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    Sydney, Australia

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  1. nickrey

    Dinner 2018 (Part 1)

    Not quite dinner but lunch for 46. Twice-cooked cheese soufflés with roquefort sauce and salad. Picture from the pass while plating up.
  2. My edition (1965, Andre Simon foreword) says "In the old days, scrambled eggs were made in a bain-marie; there was more certainty of them being perfectly cooked, but the operation took longer." No mention of time and the text recommends a heavy based pan over moderate heat with continual stirring. See my quote below to regain appropriate perspective on Wikipedia.
  3. Serious Eats has a description of how to temper chocolate in a sous vide set up. The chocolate is sealed in a plastic bag so contact with either water or condensation is not an issue Click here.
  4. In Australia, some extremely poisonous mushrooms resemble edible mushrooms from Europe. An article in our local newspaper reported that 27 people had been hospitalised for eating poisonous mushrooms in autumn (fall) this year. A number have died in the past after cooking up these fungi. No mushroom foraging for me.
  5. By a long margin, Nasu Dengaku – Miso Glazed Eggplant.
  6. nickrey

    Roasted Cauliflower

    One of the recent trends with vegetables is to char them, i.e. to deliberately burn them so the outside is burnt and the inside cooked. Cauliflower takes to this particularly well. Basically you bake it first so it's just cooked through (personally I prefer a bit of crunch left in it) and then char on a hot grill. Gives you the best of both worlds.
  7. It's even better if you gently heat the juices so that the proteins coagulate and then strain. It gives an extremely pure flavour.
  8. nickrey

    MRE's (Military Meals Ready to Eat)

    When we had to eat these meals, we used to spend all our time working out how to spruce the meals up to give more flavour (curry powder, etc). Somewhat encouragingly, this led to a number of people developing a strong interest in cooking. As these are field rations, my general question is: Why would anyone eat one of these if you don't have to?
  9. nickrey

    Favorite Homemade Sauces for Pasta

    I had some leftover sour cream/cream cheese base from a dish as well as some smoked salmon. Pasta occurred as a means of using them up. The final dish was possibly the best cream-based salmon dish I've ever had. Mix equal portions of cream cheese and creme frâiche. Add chopped chives and lemon juice to taste (sorry, I don't do measures, it is all by eye/taste). Chop up smoked salmon into small rectangles. Soak salted baby capers to remove salt, set aside. Cook dried rigatoni to preferred texture. Drain. Add hot paste back to pan, Add sour cream/creme frâiche mixture (again, to an appropriate amount) fold in. Add capers And pepper. Fold smoked salmon through. Taste and adjust acid with lemon juice. Add chopped fresh dill. Serve. Enjoy.
  10. nickrey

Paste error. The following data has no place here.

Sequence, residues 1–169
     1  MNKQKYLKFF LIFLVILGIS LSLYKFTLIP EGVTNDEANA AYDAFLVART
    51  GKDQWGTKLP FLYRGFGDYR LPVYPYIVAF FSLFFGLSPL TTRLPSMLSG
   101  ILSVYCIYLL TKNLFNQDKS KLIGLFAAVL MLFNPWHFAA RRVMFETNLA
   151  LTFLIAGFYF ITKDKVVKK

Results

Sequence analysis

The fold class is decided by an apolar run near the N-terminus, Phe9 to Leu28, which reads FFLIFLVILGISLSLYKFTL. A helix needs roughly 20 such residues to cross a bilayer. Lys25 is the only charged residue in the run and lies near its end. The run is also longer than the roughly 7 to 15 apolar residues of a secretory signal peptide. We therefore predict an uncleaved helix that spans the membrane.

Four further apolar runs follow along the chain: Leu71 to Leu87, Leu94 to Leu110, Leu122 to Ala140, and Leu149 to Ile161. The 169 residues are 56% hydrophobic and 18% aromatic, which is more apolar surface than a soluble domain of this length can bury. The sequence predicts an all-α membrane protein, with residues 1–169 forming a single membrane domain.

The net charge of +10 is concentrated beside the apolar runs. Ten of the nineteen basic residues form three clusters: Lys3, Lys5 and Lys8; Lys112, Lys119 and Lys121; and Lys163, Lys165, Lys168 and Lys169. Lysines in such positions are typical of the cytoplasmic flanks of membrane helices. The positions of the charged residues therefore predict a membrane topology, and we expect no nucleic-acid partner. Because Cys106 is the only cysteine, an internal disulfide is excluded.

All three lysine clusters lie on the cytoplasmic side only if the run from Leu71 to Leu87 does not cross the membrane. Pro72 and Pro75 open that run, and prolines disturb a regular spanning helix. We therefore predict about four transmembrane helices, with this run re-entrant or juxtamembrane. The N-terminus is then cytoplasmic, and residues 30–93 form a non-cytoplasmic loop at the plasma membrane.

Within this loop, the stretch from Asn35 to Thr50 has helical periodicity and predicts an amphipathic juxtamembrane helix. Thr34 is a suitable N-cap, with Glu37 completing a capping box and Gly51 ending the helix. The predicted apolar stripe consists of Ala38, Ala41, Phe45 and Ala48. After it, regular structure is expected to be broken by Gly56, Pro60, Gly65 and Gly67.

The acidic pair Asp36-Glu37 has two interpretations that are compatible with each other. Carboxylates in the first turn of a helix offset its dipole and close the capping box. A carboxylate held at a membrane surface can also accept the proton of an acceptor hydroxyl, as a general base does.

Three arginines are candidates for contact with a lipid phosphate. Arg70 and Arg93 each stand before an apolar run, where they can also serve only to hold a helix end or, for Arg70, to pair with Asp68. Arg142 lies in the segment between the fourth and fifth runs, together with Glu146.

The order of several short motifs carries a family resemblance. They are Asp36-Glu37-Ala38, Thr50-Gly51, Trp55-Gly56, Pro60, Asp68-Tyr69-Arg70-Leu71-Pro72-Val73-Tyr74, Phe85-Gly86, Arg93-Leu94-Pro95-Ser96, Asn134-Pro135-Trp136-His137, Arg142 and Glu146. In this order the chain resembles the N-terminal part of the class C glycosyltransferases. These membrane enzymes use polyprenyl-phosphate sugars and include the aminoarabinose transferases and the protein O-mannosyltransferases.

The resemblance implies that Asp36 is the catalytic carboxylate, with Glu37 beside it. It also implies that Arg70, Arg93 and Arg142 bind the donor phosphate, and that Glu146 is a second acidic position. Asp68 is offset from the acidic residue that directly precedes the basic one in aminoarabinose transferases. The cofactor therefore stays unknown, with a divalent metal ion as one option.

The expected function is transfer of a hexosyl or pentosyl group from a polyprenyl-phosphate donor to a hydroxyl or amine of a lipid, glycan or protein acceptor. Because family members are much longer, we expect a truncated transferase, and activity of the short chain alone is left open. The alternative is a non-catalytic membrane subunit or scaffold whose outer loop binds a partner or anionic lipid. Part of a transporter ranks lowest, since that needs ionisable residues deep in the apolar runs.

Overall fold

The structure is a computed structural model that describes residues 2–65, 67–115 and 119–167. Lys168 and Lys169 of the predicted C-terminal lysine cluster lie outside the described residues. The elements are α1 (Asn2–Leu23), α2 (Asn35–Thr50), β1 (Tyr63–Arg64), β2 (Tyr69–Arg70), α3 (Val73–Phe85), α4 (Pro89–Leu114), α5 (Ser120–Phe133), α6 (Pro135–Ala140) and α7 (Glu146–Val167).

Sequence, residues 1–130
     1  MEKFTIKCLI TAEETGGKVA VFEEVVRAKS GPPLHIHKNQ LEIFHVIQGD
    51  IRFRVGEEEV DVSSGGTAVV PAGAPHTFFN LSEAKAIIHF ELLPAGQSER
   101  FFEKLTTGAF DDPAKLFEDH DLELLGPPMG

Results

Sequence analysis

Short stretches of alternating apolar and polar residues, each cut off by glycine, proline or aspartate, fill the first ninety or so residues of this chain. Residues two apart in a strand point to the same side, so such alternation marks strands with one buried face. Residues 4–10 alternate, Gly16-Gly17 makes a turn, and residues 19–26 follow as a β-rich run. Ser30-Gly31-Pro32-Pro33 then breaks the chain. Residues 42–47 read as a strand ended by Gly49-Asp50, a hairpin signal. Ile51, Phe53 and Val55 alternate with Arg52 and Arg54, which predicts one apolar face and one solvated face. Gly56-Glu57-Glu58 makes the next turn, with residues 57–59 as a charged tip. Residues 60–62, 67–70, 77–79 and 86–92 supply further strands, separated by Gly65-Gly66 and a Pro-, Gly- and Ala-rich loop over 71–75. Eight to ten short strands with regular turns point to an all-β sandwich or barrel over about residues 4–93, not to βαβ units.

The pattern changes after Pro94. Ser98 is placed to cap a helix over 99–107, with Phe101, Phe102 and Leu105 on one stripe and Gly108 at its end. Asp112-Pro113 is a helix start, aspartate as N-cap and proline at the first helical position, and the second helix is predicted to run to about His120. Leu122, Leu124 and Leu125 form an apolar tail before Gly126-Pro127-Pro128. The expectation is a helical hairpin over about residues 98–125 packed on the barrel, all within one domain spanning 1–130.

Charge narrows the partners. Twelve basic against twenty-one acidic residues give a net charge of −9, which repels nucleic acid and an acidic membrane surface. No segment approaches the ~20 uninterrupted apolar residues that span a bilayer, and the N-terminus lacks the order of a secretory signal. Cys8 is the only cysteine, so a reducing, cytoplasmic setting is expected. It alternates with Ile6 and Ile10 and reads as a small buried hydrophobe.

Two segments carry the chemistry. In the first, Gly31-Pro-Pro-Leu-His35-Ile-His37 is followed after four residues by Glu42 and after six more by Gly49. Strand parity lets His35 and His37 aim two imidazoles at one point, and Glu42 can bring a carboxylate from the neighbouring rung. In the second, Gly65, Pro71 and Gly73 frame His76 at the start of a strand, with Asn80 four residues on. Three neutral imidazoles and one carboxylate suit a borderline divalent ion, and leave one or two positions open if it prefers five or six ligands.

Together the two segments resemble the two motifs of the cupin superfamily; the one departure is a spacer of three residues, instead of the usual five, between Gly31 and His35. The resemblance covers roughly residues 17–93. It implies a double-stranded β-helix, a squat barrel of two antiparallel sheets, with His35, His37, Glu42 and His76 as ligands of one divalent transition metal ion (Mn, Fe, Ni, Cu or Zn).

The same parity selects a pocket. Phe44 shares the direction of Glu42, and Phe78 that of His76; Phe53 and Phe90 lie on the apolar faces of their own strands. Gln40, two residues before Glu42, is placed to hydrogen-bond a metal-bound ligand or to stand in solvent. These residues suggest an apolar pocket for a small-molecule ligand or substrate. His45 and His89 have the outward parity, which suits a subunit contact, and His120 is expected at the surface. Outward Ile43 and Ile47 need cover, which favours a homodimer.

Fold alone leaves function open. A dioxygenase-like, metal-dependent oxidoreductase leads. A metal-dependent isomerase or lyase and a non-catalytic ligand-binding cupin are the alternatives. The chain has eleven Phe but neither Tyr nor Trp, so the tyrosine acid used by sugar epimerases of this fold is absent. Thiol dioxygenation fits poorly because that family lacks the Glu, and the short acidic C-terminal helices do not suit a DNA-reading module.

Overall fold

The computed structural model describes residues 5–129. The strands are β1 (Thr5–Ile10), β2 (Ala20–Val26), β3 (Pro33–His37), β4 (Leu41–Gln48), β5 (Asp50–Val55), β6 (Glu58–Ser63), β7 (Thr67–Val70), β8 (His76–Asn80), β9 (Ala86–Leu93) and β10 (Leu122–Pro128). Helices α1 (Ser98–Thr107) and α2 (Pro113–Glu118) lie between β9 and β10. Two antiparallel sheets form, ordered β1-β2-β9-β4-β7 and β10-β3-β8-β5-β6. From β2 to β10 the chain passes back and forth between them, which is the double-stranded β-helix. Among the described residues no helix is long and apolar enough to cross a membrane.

Roasting Duck

    The ducks are dry aged for a minimum of 10 days. See here. This means that the duck needs much less time to cook as you are not cooking out the water that has been removed. Someone trialled the recipe here and found that the meat was rare but tasted medium rare, which seems appropriate. Bottom line, if it's not significantly dry aged, don't try the recipe as it is. We had this duck when we went there in 2015 and it was absolutely delicious. Sorry about grainy picture, it was dark.
  11. It was the Wine and Food Society of New South Wales. We had a wine tasting of Australian Shiraz. The pepper steak was done as an food match to complement the pepper elements in the wine as well as having umami and body to match the power of the wines.
  12. Cooked chuck steak (eye roast cut, not sure if this translates to USA) for 50 people. 24 hours at 56C (132.8F). Removed cooking juice for sauce, cooled, resealed and stored. The day before reheating, I cut the cold steaks into serving pieces and rebagged. Steaks were reheated at 56C for an hour prior to a flash fry on each side on a pan on a commercial cooktop. Steaks were cooked with salt and pepper as well as green peppercorns. Sauce was made from heated and strained cooking juices, chicken stock and 3 1/2 bottles of well made merlot. Reduced by half, simmered some cut carrot and celery in there for a little while then added thyme to infuse while it was cooling. Strained sauce and then thickened to sauce consistency with potato starch (one of the diners is gluten intolerant). Sauce was livened up with a bit of sherry vinegar. Served with roasted smashed potatoes, cooked on onion in chicken stock with honey glazed carrots. The majority believed it was fillet steak and wondered why it had so much flavour.
  13. In Australia, one of our high profile chefs recently committed suicide. He is not the first, nor will he be that last. There are multiple instances of mental health issues and drug abuse in restaurants. Let's not debase the subject by referring to the latest social media issue that may have caught your attention. I laud the efforts reported in the article to deal with these issues. Much as I respect the opinions of people on this site, I am a psychologist by profession and cook for large numbers of people by choice. If you are a patron at a restaurant, I can very confidently say that you have absolutely no idea what is going on in the kitchen or anywhere else in the restaurant(s) you frequent, apart from your limited personal experience as a customer. Please support this cause as it is worthwhile and much needed.
  14. Looks very interesting. I've bought it on iBooks and will check it out.